Israeli Prime Minister Benjamin Netanyahu referred to President Joe Biden as his “friend,” and thanked him for supporting Israel’s efforts during the Gaza conflict in a press conference on Friday.
“My good friend Biden and I spoke six times in recent days — all the conversations were friendly and warm,” Netanyahu said, according to The Jerusalem Post. “He repeated that the US supports Israel’s right to defend itself … I thank him for his cooperation in manufacturing Iron Dome missiles.”
Netanyahu also reportedly commented that Israeli airstrikes destroyed more than 62 miles of Hamas’ underground tunnel network, and warned of additional retaliation should Hamas strike again.
“The public doesn’t know everything, Hamas doesn’t know everything, but all our achievements will be revealed over time,” Netanyahu said, according to The Jerusalem Post. “At this time, I can say we did daring and innovative things.”
Bibi says he spoke to “my friend” Joe Biden six times and said they were all warm, supportive conversations, and Biden understood Israel’s need to defend itself.
— Amy Spiro (@AmySpiro) May 21, 2021
Netanyahu’s press conference marked the first day of a ceasefire between Israel and Hamas after eleven days of conflict.
Biden spoke with Netanyahu shortly after the ceasefire was declared on Thursday, reiterating U.S. support for “Israel’s right to defend itself.”
“I assured him of my full support to replenish Israel’s Iron Dome system to ensure its defenses and security in the future,” Biden stated. He also promised to provide humanitarian aid to support Gaza’s reconstruction efforts.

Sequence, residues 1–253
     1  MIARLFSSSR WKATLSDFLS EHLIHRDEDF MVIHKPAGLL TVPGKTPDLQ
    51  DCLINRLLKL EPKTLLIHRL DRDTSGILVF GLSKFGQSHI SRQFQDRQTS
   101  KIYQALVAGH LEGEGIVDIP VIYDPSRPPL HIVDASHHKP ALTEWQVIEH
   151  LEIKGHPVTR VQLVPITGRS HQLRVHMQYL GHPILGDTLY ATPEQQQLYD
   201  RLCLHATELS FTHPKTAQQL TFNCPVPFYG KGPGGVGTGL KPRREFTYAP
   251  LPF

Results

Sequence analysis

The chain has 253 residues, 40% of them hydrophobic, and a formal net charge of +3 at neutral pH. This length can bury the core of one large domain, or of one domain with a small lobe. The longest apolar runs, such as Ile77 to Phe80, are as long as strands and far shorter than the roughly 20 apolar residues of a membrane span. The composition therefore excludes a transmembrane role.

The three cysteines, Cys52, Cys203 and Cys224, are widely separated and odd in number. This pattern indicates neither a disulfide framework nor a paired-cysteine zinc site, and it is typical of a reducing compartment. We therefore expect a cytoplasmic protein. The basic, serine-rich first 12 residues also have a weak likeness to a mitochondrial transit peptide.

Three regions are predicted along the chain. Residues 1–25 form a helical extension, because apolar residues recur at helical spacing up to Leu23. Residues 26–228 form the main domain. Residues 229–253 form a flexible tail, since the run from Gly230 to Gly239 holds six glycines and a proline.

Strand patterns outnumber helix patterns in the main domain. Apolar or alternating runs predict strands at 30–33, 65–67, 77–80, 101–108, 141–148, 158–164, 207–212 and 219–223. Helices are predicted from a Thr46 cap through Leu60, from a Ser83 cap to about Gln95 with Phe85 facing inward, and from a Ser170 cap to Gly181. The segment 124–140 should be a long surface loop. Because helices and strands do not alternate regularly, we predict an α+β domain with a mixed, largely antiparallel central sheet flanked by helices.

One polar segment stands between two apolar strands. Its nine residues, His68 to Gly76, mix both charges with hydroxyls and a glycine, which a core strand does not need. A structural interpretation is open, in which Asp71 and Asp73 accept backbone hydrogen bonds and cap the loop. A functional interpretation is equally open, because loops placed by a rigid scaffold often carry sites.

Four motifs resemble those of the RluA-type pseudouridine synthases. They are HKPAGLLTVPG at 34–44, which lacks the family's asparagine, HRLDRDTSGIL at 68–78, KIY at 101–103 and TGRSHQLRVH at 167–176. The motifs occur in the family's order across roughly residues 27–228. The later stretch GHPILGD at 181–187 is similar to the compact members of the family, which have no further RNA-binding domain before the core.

Biden previously spoke with Netanyahu on Wednesday, announcing that he conveyed his expectation of a “significant de-escalation … on the path to a ceasefire.” (RELATED: Biden Tells Israeli PM Netanyahu He Expects ‘Significant De-Escalation Today’ As Violence Moves Into Day 10)
Netanyahu responded at the time by saying he was “determined” to continue the Gaza operation.
Several Democrats have been vocally critical of the Biden administration’s posture toward Israel, condemning the administration for not standing up “to an ally,” and accusing Israel of being an “apartheid” state.
In response to this growing rift within the Democratic party, White House press secretary Jen Psaki noted, “The president doesn’t see this through the prism of domestic politics, he sees this through the prism of what role the United States can play as a leader in the global community to engage in quiet, intensive diplomacy to bring an end to the suffering and tragedy on the ground.”